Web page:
Adapt or Become Extinct
In the next 5 years transactional lawyers are going to face a tipping point where they have to decide whether they want to continue to be stubborn and be replaced by technology, or adapt and survive. If lawyers embrace technology, they could make their practice both more affordable, more seamless and create a better overall customer experience. Lawyers need to start acting more like the businesses they are competing against and less like the uptight, suit-and-tie clad legal counselors of the past.
In order to combat the LegalZoom Effect, lawyers will need to focus on two main aspects of their practice (both of which LegalZoom excels at): How they charge clients and Customer Service.
How Lawyers Charge
The legal industry might be the first industry in the history of humanity where an over-supply of a service or a commodity has yielded a dramatic increase in prices. From 1970 to 2005 the number of lawyers in the US more than doubled. According to Forbes, from 2000 to 2010 law firm hourly rates also doubled at major metro big law firms!
In what world can we say a 100% increase in supply should result in a 100% increase in prices while demand has basically stayed the same? Something must be done about prices if transactional lawyers are going to keep up with these more affordable services!
For some reason, in the year of 2014, many lawyers still insist on sending normal invoices and requesting payment by check. Yes, you heard me correctly. They want you to send them a check in the mail.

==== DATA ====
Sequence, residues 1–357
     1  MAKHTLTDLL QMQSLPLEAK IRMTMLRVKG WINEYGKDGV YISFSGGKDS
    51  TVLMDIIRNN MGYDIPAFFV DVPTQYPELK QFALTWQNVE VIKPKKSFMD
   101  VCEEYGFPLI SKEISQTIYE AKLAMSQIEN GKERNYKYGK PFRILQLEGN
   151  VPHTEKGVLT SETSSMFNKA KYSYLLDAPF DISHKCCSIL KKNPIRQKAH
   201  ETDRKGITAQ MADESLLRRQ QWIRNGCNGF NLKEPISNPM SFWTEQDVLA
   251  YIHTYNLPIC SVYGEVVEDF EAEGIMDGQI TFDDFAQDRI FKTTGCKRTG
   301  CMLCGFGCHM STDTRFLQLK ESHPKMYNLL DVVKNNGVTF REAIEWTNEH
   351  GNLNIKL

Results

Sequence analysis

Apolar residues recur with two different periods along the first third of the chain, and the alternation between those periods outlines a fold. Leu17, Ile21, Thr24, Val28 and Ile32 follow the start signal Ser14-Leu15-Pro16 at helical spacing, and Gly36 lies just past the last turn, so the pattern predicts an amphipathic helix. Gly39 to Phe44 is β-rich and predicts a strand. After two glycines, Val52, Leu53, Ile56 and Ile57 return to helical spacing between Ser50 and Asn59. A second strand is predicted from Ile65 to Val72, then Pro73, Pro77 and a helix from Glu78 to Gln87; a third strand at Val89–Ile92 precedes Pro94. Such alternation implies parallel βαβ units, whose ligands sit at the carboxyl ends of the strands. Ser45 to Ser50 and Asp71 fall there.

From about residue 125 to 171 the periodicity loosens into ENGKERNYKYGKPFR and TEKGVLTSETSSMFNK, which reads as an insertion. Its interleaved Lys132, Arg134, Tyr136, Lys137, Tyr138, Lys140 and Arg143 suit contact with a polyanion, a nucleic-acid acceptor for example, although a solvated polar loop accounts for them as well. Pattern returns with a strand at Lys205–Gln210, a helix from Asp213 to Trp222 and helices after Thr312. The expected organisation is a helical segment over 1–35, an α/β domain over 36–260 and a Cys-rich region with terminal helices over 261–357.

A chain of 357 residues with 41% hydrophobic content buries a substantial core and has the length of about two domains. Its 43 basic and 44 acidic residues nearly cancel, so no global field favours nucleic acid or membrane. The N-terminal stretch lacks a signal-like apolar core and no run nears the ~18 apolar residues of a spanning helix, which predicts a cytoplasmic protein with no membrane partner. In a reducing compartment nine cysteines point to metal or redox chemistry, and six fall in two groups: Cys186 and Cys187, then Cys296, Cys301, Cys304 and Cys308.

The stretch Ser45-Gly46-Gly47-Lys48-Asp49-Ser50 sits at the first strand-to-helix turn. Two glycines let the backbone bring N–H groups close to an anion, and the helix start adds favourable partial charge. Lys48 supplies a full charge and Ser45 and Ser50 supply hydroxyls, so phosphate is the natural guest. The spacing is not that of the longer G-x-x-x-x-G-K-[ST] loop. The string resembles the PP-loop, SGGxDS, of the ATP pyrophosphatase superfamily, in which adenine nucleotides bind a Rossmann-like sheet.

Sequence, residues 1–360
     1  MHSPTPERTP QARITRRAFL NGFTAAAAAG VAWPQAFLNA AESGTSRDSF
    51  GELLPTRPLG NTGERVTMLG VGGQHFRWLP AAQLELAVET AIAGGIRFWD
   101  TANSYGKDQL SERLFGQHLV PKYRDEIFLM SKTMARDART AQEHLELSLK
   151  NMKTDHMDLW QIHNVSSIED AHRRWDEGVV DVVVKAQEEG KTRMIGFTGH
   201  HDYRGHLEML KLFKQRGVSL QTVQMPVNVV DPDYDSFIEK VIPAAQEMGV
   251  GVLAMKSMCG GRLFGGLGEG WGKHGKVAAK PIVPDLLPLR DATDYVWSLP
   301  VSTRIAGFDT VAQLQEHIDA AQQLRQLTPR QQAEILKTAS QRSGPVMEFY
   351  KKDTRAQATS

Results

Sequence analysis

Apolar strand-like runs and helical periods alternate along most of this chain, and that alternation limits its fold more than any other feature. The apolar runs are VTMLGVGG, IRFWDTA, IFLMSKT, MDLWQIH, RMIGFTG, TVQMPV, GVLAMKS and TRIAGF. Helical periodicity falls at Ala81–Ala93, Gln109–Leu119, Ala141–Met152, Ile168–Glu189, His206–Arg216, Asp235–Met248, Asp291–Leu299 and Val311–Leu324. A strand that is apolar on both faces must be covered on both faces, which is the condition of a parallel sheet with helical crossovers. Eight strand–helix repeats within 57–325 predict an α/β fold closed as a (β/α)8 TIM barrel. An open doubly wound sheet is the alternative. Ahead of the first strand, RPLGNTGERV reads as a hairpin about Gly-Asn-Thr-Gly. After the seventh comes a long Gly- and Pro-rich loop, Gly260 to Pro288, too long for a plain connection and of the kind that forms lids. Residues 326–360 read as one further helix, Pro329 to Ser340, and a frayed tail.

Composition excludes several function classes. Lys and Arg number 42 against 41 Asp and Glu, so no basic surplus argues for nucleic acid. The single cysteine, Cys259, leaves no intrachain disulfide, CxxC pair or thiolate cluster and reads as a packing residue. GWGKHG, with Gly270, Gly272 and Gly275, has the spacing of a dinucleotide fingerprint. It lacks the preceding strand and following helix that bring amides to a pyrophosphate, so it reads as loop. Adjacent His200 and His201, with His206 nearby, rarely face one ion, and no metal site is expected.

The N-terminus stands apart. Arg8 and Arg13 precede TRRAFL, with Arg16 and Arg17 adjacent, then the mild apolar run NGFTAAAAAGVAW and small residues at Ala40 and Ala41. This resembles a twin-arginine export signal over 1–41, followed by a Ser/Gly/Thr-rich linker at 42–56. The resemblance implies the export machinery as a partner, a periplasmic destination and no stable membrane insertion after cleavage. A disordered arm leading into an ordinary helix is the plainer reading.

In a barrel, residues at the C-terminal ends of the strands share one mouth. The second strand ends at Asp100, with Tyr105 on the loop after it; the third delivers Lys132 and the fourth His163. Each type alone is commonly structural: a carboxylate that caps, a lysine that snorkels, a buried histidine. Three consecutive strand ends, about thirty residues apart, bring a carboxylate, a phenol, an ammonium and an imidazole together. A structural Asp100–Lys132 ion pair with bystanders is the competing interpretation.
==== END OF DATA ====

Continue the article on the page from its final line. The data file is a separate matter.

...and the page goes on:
Not only that, but many lawyers still insist on billing hourly, even for straightforward tasks such as filing a trademark or forming a business entity. In a world where businesses are modeled by excel spreadsheets, people value predictability. The best way to scare away a client is to tell them you are unable to give them a firm price quote for your services. The age of the billable hour is certainly on its deathbed and it’s clinging to the ventilator. Transactional lawyers, like LegalZoom, need to charge a flat rate for the majority of services.
The most important thing that the majority of lawyers lack is good customer service. They oftentimes feel overwhelmed with work (which is their fault for taking too much on their plate) and take forever to return phone calls and emails, if they get returned at all. Lawyers act like a service and that’s it. If a lawyer won your case or delivered you a document you asked for then they have done their job and done it well, right? Wrong.
If Starbucks delivers you a delicious cup of coffee via the hands of a rude employee does that mean you enjoyed your experience? Not even close. No matter how good that coffee is, if you didn’t enjoy your experience, the likelihood of you looking for an alternative method of finding your coffee is high.
Lawyers have to understand that, in the eyes of the customer, the only competitive advantage they have on these existing and emerging technologies is the personal touch. Lawyers need to spend more time talking to you (without necessarily charging you for it) and act as your business partner, not just work-for-hire.
Lawyers have to start acting like businesses and not only provide good customer service, but deliver their end-product in a way that makes clients feel like they got what they paid for. It is easy to resent an invoice…lawyers need to make it hard to resent them as people.
They say that mother time heals all. The problem for consumer transactional lawyers is their time is running out. You can only fight natural selection for so long before you become replaced. Eventually the scales will tip in favor of technology and most transactional lawyers will be replaced all-together if something doesn’t change.
Now, this prediction might be a little extreme in that lawyers will likely always exist in some capacity. But the system as we know it will eventually be replaced with an easier consumer experience driven by technology that allows legal matters to be resolved faster, cheaper, and with fewer headaches than ever before.